Hair Raising Stories from Across the Nation
By Lisa A. Tyler
National Escrow Administrator
First, thanks to all of you who have taken the time to submit your heroic stories of how you and others have gone the extra mile to protect the Company - and the public it serves – from real estate fraud. Second, if you haven't been a money winner yet, don't give up – we are still reviewing submissions and might be contacting you soon.
Congratulations to Charlotte Martinez from Chicago Title's Alameda County, California operation. She is this month's $500 reward winner for her contributions toward protecting the Company and her customers from insuring a forged deed in the chain of title. Read more about her personal heroics in the story, "Charlotte's Web," in this edition of Fraud Insights.
"Take the Money and Run!" describes the dangers of duplicate wires. This story will make any escrow officer cringe. It is an ugly, but true story.
The next story, "No Income Verification Loans," covers a controversial topic regarding employees. Read about two employees who individually had been encouraged to show inflated incomes on their own personal real estate loans. Read the Company's position regarding this type of mortgage fraud.
Feedback from the Field…
I absolutely love the feedback this eNewsletter generates. Here are a few of the latest tips I have received from the field, which I thought you might find interesting and useful.
Claudia M. Graham, commercial claims counsel, gives the following advice: "Never conduct a closing in a truck stop, Denny's® or a Whataburger®!" All three were actual closing locations in prior claims cases. It might sound funny at first, but think about the risk you put yourself in by conducting business outside of the office with parties who are typically unknown to you.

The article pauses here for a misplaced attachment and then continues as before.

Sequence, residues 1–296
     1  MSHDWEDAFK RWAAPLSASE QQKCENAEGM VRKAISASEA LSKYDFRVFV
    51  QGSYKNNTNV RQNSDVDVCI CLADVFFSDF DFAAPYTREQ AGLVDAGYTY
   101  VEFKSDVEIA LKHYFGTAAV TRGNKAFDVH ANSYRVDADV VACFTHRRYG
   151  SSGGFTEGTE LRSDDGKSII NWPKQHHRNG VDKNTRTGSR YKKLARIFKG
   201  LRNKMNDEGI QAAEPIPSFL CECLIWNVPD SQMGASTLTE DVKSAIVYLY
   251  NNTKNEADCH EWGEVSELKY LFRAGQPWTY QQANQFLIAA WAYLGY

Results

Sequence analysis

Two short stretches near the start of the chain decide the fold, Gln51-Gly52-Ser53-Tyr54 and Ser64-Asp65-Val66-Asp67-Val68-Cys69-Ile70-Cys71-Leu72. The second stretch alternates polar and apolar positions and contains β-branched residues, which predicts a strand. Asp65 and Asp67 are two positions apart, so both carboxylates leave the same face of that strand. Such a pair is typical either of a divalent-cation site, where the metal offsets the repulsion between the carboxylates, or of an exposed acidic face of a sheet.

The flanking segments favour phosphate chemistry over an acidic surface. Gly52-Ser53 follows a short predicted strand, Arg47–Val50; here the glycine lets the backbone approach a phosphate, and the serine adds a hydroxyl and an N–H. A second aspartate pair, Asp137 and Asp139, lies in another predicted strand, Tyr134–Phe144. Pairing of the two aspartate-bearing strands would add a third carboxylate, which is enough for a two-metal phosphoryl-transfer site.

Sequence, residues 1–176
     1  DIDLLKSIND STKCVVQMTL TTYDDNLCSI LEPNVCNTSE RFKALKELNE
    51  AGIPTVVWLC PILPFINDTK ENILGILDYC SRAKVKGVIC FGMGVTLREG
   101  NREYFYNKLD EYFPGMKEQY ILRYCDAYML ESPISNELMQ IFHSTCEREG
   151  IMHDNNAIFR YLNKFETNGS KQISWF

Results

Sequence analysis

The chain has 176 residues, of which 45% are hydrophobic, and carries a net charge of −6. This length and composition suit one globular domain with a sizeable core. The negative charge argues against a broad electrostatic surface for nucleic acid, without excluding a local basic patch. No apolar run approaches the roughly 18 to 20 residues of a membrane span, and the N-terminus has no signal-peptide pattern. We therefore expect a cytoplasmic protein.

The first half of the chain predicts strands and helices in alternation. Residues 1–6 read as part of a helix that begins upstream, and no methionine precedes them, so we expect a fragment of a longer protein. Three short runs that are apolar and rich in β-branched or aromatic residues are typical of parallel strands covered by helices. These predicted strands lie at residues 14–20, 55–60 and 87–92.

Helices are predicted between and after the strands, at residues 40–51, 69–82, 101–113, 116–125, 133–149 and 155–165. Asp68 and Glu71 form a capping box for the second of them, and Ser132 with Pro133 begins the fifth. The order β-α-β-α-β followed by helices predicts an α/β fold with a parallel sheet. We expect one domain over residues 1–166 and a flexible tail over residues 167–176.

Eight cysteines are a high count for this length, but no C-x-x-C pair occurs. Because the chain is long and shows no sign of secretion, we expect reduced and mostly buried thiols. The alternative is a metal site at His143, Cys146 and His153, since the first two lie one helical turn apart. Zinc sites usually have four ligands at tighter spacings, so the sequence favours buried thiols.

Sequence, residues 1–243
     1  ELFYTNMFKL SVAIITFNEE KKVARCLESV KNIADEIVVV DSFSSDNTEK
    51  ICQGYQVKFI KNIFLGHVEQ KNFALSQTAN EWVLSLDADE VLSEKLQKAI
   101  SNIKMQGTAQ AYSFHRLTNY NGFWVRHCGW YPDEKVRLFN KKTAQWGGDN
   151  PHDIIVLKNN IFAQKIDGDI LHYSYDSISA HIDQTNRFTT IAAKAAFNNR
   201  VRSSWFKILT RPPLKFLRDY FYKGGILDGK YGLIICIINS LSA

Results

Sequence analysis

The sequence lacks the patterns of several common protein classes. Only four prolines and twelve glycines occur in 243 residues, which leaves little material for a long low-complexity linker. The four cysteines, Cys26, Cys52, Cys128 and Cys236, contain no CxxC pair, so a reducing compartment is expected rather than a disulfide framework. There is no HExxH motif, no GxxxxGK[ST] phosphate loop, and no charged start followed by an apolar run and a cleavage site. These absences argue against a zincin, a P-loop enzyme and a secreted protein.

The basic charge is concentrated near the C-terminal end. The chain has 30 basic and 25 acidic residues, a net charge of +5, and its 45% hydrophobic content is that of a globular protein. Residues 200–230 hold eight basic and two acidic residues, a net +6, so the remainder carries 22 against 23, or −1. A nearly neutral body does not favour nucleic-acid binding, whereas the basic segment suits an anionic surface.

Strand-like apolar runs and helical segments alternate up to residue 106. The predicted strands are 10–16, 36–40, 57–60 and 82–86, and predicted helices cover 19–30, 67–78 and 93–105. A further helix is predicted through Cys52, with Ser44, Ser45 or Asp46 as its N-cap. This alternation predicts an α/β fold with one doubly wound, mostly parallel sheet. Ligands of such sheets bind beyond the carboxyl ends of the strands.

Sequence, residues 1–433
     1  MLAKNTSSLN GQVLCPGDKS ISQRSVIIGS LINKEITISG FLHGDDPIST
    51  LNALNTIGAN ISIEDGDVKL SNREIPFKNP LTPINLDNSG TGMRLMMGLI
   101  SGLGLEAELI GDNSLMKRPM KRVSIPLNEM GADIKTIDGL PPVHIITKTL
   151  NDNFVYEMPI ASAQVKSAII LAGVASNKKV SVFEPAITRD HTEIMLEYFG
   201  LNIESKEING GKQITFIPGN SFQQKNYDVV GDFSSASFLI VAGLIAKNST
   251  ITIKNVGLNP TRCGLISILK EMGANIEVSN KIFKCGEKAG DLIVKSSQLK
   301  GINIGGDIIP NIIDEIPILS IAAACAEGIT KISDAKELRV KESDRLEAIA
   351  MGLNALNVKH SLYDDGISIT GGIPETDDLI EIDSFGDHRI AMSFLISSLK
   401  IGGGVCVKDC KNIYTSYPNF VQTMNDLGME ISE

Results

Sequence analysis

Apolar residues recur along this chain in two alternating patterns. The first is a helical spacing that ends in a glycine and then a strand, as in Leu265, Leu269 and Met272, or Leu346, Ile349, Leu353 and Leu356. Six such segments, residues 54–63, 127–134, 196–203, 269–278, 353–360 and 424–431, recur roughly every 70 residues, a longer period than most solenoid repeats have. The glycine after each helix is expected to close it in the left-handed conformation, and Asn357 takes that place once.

Dick Bales from our Chicago Title Operation in Wheaton, Illinois shares this tip:
"As you may know, Donald Cole sent out a memo dated October 7, 2005, detailing new procedures in fraud prevention. In the memo he made the following statement:
If the seller, buyer or third party presents to you at or prior to closing a release for an uncancelled loan, you must contact the lender for confirmation that the loan has been released. Use independent means to obtain the lender's telephone number. Do not rely upon a number supplied by the parties to the transaction.
I have discovered my own helpful 'independent means' to verify a lender's phone number. If an owner provides you with a phone number, consider going to Google and typing in the phone number with the area code. For example: 630-555-5555. If this is a 'real' business phone number, chances are great that Google will give you information to confirm the validity of the phone number."
Do you have any helpful tips or ideas used to combat fraud you would like to share with your colleagues? If so, please e-mail your comments to email@example.com. We look forward to hearing from you soon.